Transition Derry

Tackling Peak Oil, Climate Change and Economic Breakdown

Glasgow sets out it's sustainable vision

Plans to transform Glasgow into one of Europe's greenest cities within a decade have been published.
The Sustainable Glasgow report sets out methods to drive down carbon emissions and meet future energy needs.
It outlines projects on renewable energy, district heating, sustainable transport, smart grids, biogas, biomass and energy management and efficiency.
The report estimates that green energy projects could bring in £1.5bn of new investment to the city within 10 years.
The strategy has been drawn up by Sustainable Glasgow, a consortium led by the University of Strathclyde.
Other partners include Glasgow City Council, Scottish and Southern Energy, Veolia (Source One), Scottish Enterprise and Blitzer, Clancy and Company.

Innovative research and training have a critical role to play in securing the UK's energy future and driving down carbon emissions
Professor Jim McDonald
Principal, Strathclyde University
The project aims to transform the city into a hub of the sustainable energy sector, delivering jobs and training.
It will play a major role in attempts to regenerate communities and tackle fuel poverty over the next 10 years.
Recommendations in the report include initiatives such as the creation of systems to turn the city's sewage and municipal waste into biogas.
There would be a drive to increase the use of biogas and electric vehicles.
Moves could also be made to develop district heating system and gradually phase out electric, coal and oil heating.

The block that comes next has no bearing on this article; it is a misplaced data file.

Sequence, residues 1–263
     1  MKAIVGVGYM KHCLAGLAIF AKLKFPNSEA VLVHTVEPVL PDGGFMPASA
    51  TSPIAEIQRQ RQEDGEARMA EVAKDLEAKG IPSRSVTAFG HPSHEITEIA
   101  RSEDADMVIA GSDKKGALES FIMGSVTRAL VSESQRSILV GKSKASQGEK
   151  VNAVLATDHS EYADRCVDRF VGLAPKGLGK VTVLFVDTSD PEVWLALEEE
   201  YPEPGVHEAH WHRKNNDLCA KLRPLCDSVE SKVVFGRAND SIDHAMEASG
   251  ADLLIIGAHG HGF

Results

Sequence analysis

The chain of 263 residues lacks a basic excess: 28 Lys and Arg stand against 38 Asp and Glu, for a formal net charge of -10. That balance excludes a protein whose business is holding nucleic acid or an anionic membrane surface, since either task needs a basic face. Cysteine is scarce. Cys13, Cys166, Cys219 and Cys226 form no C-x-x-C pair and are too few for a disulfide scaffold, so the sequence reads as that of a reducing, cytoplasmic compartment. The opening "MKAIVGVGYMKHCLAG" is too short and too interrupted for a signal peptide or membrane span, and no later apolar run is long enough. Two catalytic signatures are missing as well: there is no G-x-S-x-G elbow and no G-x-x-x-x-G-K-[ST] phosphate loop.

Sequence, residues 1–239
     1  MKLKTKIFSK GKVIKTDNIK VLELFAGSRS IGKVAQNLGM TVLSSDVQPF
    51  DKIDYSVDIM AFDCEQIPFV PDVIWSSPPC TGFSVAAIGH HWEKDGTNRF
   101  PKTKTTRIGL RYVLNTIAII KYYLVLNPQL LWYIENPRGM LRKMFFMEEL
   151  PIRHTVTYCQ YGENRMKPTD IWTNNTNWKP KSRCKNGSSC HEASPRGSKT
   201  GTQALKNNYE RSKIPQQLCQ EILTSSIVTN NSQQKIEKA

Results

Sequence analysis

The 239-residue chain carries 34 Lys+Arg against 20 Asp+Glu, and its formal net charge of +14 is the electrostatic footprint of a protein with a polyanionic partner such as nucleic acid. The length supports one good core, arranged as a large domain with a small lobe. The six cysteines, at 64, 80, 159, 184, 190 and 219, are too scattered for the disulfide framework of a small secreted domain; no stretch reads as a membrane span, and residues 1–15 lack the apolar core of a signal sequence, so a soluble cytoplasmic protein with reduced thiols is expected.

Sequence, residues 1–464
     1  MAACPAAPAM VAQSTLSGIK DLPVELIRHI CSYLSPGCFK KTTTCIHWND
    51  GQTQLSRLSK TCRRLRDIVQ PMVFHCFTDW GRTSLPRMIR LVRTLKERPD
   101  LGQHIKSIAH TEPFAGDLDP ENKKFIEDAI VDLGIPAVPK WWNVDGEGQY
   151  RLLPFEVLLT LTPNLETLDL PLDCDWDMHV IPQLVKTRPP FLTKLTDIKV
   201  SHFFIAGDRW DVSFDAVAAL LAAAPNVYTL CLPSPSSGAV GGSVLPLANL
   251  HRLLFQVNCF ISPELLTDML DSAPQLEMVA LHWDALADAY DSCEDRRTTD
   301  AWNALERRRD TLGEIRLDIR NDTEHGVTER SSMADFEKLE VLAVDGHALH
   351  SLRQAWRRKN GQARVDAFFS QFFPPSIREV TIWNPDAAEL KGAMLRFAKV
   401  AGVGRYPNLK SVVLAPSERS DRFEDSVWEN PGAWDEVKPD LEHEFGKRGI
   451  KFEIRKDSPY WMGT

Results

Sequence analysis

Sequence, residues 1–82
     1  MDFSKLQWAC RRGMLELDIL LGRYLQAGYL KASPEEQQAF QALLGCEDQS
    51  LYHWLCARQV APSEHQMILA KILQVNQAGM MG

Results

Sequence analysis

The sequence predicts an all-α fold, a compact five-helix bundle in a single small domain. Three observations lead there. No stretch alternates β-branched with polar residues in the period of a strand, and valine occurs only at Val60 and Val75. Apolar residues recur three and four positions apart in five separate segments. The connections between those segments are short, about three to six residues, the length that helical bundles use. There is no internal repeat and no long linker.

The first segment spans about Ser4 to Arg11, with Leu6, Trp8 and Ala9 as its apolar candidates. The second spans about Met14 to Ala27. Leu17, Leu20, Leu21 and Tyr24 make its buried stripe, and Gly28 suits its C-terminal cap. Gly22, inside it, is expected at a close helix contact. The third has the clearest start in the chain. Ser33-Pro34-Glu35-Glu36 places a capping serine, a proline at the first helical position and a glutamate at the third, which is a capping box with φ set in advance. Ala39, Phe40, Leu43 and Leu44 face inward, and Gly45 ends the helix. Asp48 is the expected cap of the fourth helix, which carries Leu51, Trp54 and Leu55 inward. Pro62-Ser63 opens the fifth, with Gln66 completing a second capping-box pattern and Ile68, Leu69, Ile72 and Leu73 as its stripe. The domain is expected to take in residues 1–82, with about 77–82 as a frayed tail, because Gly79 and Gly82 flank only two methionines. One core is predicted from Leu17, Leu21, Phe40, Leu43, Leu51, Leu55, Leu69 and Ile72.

This would go hand-in-hand with the development of natural biogas-fuelled combined heat and power systems and a smart grid system to deliver power.
'World leader'
Other initiatives would see the creation of urban woodlands on vacant city land and projects to encourage "behavioural change" among the city's residents.
Capital investment for the projects will come mainly from the private sector and a number of commercial organisations have already indicated their interest.
Professor Jim McDonald, principal of the University of Strathclyde, said: "Scotland has a tremendous opportunity not only to be a world leader in renewable energy technologies, but to improve quality of life and create long-term investment and jobs.
"Innovative research and training have a critical role to play in securing the UK's energy future and driving down carbon emissions.
"I am proud that the University of Strathclyde and Glasgow are taking a lead in this vitally important field - demonstrating what can be achieved when government, universities, business and communities work together towards a common goal."

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